Posted: Monday July 18, 2005 3:54PM; Updated: Wednesday July 20, 2005 1:48PM
In two years in Motown, Larry Brown led the Pistons to a 104-56 regular-season record and two appearances in the Finals.
Brian Bahr/NBAE via Getty Images
Ian Thomsen will periodically answer questions from SI.com users in his mailbag.
Larry Brown and the Detroit Pistons have decided to part ways, SI.com learned Monday. The announcement will become official in the next 24 hours as the two sides haggle over the final terms, but it appears that the terms of Brown's buyout will prevent him from coaching another team for the next year.
If he is desperate to coach the Knicks, then they would have to negotiate terms of compensation with the Pistons. But if he were to move to the Knicks within the next year, I'm told that Brown would also relieve the Pistons of their remaining financial obligations to him. The exact terms of the buyout aren't known, although Brown had three years and $21 million remaining on his contract.
The Pistons will almost surely announce, in short order, that they are hiring former Minnesota Timberwolves coach Flip Saunders. There are some within the Pistons organization who worry that Saunders will face inordinate pressure by stepping in for Brown, who in two years won a championship and made it to Game 7 of this season's NBA Finals.
But I think just the opposite will be true. The Pistons will be the most motivated team in the league next season, determined to prove that Brown received far too much credit for the players' success. If his history is a guide, Saunders will feed his new team's ambition from the first day of his tenure by giving all the credit to his new players, and in return they will be invested in making Saunders look good. Ben Wallace, Chauncey Billups and their teammates can be expected to do everything they can to show that the organization can perform better without Brown. In the end, Brown will endow the Pistons with more motivation by leaving than he ever could have provided by staying next season.
The other reason Saunders will succeed is that he will understand the dynamics of this well-balanced team. A lot of coaches who are used to the NBA star system might have trouble adapting to the Pistons, who are the only team in the last 25 years to win a championship without a first-team All-NBA player. But Saunders, who spent seven years in the CBA, crafted a track record at Minnesota of mixing and matching individuals by exploiting their strengths and hiding their weaknesses while putting a balanced winner on the floor. He is, arguably, the best of all possible fits for this team.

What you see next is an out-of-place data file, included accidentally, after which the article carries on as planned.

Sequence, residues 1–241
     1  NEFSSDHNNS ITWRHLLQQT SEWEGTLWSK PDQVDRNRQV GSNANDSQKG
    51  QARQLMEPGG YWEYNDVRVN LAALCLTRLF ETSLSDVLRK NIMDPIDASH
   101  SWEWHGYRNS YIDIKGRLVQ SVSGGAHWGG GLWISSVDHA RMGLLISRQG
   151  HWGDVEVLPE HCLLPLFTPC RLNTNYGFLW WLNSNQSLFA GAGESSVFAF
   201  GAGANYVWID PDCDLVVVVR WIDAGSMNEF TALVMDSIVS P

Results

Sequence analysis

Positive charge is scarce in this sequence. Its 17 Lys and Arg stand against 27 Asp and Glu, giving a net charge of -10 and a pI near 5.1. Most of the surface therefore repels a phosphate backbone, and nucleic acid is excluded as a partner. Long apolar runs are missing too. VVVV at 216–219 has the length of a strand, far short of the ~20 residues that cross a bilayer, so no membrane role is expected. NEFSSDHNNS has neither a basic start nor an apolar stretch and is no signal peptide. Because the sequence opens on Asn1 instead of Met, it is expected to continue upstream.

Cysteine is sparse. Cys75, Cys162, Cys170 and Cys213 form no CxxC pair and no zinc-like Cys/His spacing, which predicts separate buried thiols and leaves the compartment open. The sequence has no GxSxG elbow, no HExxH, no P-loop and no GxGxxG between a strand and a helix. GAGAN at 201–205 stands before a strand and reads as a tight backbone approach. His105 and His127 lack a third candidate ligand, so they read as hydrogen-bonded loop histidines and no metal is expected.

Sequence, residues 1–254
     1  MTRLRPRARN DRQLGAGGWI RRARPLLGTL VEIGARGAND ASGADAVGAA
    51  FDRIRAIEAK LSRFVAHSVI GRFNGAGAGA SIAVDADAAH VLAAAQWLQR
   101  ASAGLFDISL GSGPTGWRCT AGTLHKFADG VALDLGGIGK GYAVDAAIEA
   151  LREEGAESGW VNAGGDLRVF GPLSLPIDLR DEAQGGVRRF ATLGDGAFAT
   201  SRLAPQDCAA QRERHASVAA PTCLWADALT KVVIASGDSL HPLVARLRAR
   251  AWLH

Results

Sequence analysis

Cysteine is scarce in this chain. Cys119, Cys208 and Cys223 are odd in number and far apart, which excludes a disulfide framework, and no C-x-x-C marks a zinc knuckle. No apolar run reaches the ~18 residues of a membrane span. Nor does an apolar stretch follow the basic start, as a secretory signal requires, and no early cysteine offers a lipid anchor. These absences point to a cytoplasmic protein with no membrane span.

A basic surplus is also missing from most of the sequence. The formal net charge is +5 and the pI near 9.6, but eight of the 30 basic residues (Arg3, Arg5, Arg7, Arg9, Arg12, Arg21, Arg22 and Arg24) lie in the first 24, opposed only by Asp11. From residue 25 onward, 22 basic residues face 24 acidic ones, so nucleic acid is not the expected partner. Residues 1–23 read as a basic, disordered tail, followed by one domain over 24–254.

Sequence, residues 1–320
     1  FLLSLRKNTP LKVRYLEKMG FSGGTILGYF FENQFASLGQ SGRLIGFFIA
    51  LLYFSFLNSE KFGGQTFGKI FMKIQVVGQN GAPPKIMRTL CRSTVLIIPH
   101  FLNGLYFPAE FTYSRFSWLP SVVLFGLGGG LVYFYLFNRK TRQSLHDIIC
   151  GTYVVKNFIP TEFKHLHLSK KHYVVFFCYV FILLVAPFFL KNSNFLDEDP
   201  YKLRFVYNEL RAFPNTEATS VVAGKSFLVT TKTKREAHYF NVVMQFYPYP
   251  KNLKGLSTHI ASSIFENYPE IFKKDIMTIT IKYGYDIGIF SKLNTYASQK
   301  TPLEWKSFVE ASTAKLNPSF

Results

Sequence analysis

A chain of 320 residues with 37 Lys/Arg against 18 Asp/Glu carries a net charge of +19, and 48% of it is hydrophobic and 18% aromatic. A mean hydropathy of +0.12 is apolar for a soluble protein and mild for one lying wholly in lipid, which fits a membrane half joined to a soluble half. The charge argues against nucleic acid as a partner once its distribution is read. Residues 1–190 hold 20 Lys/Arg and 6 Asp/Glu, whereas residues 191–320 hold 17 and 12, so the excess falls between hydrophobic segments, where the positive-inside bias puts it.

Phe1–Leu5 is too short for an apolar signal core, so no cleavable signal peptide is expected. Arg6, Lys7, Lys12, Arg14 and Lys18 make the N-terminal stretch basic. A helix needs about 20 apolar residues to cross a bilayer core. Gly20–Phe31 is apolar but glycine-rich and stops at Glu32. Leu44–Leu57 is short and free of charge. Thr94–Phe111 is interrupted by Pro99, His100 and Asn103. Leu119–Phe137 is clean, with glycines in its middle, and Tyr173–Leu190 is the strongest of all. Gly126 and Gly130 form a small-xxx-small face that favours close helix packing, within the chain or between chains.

One of Brown's options now is to explore a move to the Cleveland Cavaliers, who held their team presidency open for two months for him before hiring Danny Ferry as GM. Perhaps he could return to Cleveland as a consultant, but it's hard to imagine that the Cavaliers would be willing to upset their relationship with Ferry, who has been doing a terrific job on short notice.
Brown's other known option is in New York, where the clock is now running on the tenure of Knicks coach Herb Williams. The Knicks' current coach will need a strong start next season with his revamped roster to snuff out speculation that Brown will eventually replace him.
So here's a prediction: Brown spends the next year recuperating physically, advising the Cavaliers informally and investigating future jobs -- either as the Knicks' head coach or as a team president for another franchise. But where he ends up is anyone's guess.